One of the areas that Driscoll addresses that was particularly beneficial was the idea of “tribes”. He talks about what we believe and why we believe it. I have always found myself shying away from classification since I felt it might limit me or stymie my spiritual growth in some way. After listening to what Driscoll shared though, I realized that we need to know what we’re not to know what we are. Additionally, it is difficult (if not impossible) to explain what you believe unless you know what beliefs are out there. It’s a little like explaining to someone who has been blind since birth what the color blue is. With no basis of comparison, explanation is largely an exercise in futility.
A secondary area that I found engaging was the author’s detailed analysis of various doctrines and how they are viewed by the various “tribes” of the Christian faith. I have to admit that I was so impressed with this section that I went out and purchased a hardcover of his book Doctrine: What Christians Should Believe. I did this primarily because I wanted to hear even more information it greater detail. I have to admit that I also did this to slow him down. In listening to this section, it felt like the theological equivalent of putting instant milk into condensed soup and warming it up in a microwave. If had gone through in any more quickly his flux capacitor would have engaged and he would have gone back in time! I’m not sure if this is a criticism or my awe at the fact that he could cram that much information into so little space so quickly. Airline passengers around the world grow green with envy at his professional alacrity as well speak. If only they could do physically what he does verbally, they could pack all the inventory of their local super Wal-Mart into a carry-on bag.
A final area that was not only useful but highly scholarly was Driscoll’s fairly lengthy appendix on church history. I found it useful and enlightening to quickly trace where many of the roots of ideas and values in many American “tribes” came from. It made me wonder in fact if they even know. As a pastor of an independent, non-denominational church, I find myself working in the midst of churches ranging from charismatics to fundamentalists. It was useful to see how coming out of the same place, historically speaking, these churched ended up where they are. It was enlightening to see the predominate points that we all agree as well as the secondary points that we differ on. Not only was this engaging from an academic sense, but also it gave me some tools for crossing the imagined boundaries that exist between brothers and sisters within the faith community.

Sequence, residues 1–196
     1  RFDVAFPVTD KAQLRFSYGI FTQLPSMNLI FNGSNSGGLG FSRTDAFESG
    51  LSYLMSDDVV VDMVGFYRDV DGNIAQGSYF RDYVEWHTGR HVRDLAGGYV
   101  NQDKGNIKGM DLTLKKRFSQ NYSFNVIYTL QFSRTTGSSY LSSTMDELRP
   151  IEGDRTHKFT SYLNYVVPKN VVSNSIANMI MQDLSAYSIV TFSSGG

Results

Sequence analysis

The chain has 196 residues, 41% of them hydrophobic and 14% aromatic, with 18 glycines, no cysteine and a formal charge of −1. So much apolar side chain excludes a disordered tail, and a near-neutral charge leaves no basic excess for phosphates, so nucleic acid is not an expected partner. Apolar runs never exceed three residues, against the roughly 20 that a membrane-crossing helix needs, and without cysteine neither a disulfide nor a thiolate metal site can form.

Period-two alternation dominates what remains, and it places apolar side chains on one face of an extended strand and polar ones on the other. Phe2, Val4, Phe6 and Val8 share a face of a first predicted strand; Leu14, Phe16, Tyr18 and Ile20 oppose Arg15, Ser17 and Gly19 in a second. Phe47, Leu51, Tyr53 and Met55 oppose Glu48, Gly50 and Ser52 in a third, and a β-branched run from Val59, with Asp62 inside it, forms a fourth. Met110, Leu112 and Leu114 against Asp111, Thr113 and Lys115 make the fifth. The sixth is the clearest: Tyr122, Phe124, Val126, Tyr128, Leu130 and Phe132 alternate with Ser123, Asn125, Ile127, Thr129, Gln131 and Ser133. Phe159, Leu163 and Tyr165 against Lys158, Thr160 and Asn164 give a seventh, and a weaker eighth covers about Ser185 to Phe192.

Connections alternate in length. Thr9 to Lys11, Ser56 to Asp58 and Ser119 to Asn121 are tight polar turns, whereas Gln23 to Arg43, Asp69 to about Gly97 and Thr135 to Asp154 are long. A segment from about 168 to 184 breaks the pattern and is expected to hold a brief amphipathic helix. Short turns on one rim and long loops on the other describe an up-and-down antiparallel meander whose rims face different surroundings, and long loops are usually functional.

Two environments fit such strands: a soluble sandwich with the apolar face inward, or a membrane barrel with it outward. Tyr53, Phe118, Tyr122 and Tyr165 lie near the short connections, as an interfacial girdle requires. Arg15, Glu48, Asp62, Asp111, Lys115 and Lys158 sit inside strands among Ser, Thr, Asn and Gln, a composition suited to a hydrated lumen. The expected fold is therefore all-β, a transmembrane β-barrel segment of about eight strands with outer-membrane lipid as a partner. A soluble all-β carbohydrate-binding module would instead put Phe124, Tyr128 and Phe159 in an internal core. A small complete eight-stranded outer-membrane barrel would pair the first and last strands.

Mike Chamberlain did a great job of narrating this book. He had a great sense of pacing, tone, and timing. At one point I actually stopped the recording to check that it wasn’t the author doing the narrating: always a good sign. I look forward to hearing more voice-work done by Chamberlain. The Christian community needs more understandable, talented speakers to help share God’s Word.
Dr. Nicholson reviews academic, Christian living, and fiction books for a variety of publishers in an array of formats. He is never paid for any of his reviews. He writes these strictly as a courtesy to his students at Desert bible Institute and for any other readers that might find his insights valuable. For more reviews or information, visit Dr. Nicholson’s blog at drtnicholson.wordpress.com.
A copy of the book was generously offered to Dr. Nicholson by christianaudio.com in exchange for this unbiased review.
- Excellent book
If you are a pastor or leader of a Christian Church - you should read this book. Driscoll has been the lead pastor of Mars Hill Church Seattle for approx 20 years, from planting the church in 1995 with a handful of people to now having 16,000 people in attendance in their multi-site campuses and millions of sermon and podcasts downloaded annually, as well as over 500 church plants in the USA along and almost as many outside the US, he certainly seems to have the runs on the board and his experience alone makes him worth reading.
Driscoll works from his experiences and observations of his home town Seattle which is a culture making hub for the US and then also most of the Western world, plus he combines his observations and conversations with dozens of other pastors and conferences around the world. From this he talks about the past, present, and possible future of the way Christianity is presented to the world.